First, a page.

As a former centre of Britain’s leather industry, the town is post-industrial in character. Journalist John Harris, for instance, described the towns Taunton, Yeovil and Bridgwater as a ‘post-industrial, hardscrabble place that contain[s] 19 of the council wards in the 20% of English areas classed as the most deprived.’
There is, in Johannesburg, South Africa, a suburb called Yeoville which has a link to Yeovil. It was proclaimed in 1890 by one Thomas Yeo Sherwell, a native of Yeovil. He named the streets after his sons, friends and business associates.
Yeovil lies in the centre of the Yeovil Scarplands, a major natural region of England. The suburbs include: Summerlands, Hollands, Houndstone, Preston Plucknett, Penn Mill, New Town, Hendford, Old Town, Forest Hill, Abbey Manor, Great Lyde. Outlying villages include East Coker, West Coker, Hardington, Evershot, Halstock, Stoford, Barwick, Sutton Bingham, Mudford and Yetminster. Other nearby villages include Bradford Abbas, Thornford, Corscombe, Montacute (where one will find Montacute House), and Pendomer. The village of Brympton, now almost a suburb of Yeovil, contains the medieval manor of Brympton d’Evercy. Tintinhull is also a village close to Yeovil featuring the National Trust owned Tintinhull House and Gardens.
Ninesprings Country Park is in the south east near Penn Hill. It is linked to by a cycleway following the route of the old railway to Riverside Walk, Wyndham Hill and Summerhouse Hill forming the 40-hectare (99-acre) Yeovil Country Park.
Yeovil’s reputation as a centre of the aircraft and defence industries lived on into the 21st century despite attempts at diversification, and the creation of numerous industrial estates, the principal employer is the aviation group AgustaWestland. This firm was created through the acquisition of Westland Helicopters by Finmeccanica in 2000. In January 1986 the proposed sale of Westland to the American Sikorsky Aircraft group led to the Westland affair, a crisis in the Thatcher government, the resignation of Michael Heseltine as Secretary of State for Defence and the resignation two weeks later of the Secretary of State for Trade and Industry, Leon Brittan, after his admission of leaking of a governmental law officer’s letter which harshly criticised Mr Heseltine.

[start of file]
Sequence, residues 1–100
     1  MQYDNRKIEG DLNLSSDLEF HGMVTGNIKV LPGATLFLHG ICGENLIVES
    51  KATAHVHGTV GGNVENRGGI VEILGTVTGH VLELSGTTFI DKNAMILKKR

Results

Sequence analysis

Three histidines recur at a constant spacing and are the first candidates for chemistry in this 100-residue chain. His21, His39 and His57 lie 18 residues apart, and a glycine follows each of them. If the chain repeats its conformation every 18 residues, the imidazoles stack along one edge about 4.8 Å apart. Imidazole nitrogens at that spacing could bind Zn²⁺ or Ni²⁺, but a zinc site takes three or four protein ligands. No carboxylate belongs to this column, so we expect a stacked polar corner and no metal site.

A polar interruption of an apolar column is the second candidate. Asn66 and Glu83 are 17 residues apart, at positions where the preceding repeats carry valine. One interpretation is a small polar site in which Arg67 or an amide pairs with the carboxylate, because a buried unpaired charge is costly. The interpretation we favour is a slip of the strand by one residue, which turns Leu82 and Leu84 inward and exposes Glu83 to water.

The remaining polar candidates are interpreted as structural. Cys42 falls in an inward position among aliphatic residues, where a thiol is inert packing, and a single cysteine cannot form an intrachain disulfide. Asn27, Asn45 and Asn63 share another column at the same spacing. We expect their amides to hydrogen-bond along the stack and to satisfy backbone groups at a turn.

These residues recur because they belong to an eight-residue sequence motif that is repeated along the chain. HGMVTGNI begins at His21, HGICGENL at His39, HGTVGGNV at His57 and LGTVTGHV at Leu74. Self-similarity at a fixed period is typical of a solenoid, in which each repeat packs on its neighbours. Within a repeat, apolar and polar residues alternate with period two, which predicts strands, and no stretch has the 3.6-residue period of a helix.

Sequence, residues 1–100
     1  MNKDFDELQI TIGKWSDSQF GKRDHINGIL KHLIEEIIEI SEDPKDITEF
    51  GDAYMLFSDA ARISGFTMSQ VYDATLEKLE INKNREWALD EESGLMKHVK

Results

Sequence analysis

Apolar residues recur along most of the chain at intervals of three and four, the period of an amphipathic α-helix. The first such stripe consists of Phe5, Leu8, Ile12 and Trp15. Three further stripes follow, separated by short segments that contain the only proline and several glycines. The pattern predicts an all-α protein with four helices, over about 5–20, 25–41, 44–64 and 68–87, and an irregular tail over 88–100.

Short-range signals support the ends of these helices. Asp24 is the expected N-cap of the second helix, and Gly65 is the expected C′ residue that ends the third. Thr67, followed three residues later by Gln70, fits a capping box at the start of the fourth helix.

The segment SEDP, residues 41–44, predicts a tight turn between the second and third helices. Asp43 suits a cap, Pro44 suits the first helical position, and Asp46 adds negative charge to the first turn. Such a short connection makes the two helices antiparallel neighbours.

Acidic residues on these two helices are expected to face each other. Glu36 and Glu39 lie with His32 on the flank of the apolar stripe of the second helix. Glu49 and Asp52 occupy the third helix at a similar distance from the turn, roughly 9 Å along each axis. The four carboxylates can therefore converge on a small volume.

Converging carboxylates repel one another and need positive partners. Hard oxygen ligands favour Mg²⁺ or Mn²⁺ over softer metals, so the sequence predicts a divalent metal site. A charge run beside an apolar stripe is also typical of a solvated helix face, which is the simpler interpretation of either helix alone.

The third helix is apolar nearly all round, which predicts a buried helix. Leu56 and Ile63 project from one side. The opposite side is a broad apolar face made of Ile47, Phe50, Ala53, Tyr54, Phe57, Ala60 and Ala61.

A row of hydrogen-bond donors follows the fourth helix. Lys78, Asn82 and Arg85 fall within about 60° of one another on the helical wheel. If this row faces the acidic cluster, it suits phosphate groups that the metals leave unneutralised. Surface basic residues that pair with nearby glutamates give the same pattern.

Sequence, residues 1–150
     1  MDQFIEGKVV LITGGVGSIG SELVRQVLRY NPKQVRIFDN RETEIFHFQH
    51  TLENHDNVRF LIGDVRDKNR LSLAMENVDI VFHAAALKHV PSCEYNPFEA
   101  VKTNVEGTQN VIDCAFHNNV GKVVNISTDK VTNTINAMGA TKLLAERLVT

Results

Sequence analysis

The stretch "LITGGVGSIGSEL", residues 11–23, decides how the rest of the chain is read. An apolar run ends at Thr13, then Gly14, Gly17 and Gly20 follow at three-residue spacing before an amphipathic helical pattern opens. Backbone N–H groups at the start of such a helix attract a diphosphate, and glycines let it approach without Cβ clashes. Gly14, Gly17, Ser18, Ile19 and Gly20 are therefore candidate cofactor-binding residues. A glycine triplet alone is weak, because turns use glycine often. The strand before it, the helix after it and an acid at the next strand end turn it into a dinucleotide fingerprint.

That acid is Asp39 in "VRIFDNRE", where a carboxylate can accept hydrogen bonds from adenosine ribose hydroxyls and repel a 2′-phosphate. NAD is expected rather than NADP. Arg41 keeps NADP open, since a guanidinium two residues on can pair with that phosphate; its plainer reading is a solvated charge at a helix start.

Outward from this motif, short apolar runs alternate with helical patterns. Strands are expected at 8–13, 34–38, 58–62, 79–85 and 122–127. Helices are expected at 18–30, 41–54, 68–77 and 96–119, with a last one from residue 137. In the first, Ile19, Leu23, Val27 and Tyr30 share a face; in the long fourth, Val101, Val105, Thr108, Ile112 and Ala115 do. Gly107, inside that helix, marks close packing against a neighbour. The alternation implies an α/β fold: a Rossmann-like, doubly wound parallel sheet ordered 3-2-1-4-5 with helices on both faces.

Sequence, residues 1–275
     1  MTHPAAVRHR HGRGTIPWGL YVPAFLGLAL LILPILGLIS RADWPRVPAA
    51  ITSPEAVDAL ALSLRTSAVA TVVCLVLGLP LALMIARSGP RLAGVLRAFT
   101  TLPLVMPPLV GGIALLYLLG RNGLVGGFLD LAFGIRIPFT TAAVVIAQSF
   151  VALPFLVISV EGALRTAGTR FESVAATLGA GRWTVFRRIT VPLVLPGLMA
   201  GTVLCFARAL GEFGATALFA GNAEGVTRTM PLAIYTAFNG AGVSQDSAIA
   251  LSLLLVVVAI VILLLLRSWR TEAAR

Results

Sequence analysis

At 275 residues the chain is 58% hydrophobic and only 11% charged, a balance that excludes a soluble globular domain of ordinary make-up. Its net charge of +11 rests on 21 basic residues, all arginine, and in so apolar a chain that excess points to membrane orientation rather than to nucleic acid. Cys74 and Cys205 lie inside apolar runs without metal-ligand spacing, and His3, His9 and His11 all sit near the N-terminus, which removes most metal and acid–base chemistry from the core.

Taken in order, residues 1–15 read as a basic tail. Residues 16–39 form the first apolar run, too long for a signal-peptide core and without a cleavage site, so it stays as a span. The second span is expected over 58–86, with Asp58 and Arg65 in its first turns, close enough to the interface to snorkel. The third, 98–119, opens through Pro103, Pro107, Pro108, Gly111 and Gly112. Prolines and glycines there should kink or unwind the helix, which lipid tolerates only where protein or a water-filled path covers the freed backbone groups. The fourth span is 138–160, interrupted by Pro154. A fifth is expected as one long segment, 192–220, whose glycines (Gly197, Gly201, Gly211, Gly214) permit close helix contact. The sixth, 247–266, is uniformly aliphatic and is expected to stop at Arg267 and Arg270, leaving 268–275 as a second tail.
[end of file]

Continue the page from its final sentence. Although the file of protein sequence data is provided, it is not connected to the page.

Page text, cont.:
Yeovil Aerodrome is 1 nautical mile (1.9 km) west of the town centre. British defence giant BAE Systems also operate a site which produces high-integrity networked software, primarily for the military.
The Screwfix Direct company is based in Houndstone, having started life as the Woodscrew Supply Company in 1979; it is now a subsidiary of Kingfisher plc. The company’s warehouse was relocated to Stoke-on-Trent following failure to gain planning permission for building expansion.
In 2015, the leather manufacturer Pittards managed to buy back its 1964 purpose-built tannery in Sherborne Road, Yeovil.